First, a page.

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Rising price of rice keeps U.N. scrambling to feed world's hungry

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An American from Queens, N.Y., Menage started her work with the UN in Burundi in the 1980s as a volunteer and has, over the years, served the WFP in senior positions in Malawi, Togo, Zimbabwe, and Tanzania. She is not someone who loses her cool under fire. But this food crisis has tested even her mettle.

"You can't get into a frenzy," she explains. "You just deal with one issue at a time.... You analyze the markets from a food security angle. You stay calm. You coordinate properly and band together."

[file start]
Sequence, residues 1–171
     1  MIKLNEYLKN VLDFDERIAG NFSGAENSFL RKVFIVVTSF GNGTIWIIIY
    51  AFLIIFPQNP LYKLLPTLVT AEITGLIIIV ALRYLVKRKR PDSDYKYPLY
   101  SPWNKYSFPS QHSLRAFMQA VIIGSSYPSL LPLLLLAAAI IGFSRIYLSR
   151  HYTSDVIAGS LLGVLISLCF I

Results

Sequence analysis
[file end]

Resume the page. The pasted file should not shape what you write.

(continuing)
The first challenge, she says, is to figure out where there is affordable food in the world, what sort of food it is, and whether it is acceptable to those who are – or will be – hungry.

This is not as straightforward as it might seem. In some parts of the world, like West Africa, it's possible to exchange one grain for another, which allows WFP to distribute whatever commodity is most affordable. In Asia, however, where the words for "rice" and "food" in many languages are often interchangeable, there is no readily acceptable substitute for rice in the diet. That limits the UN organization's options.

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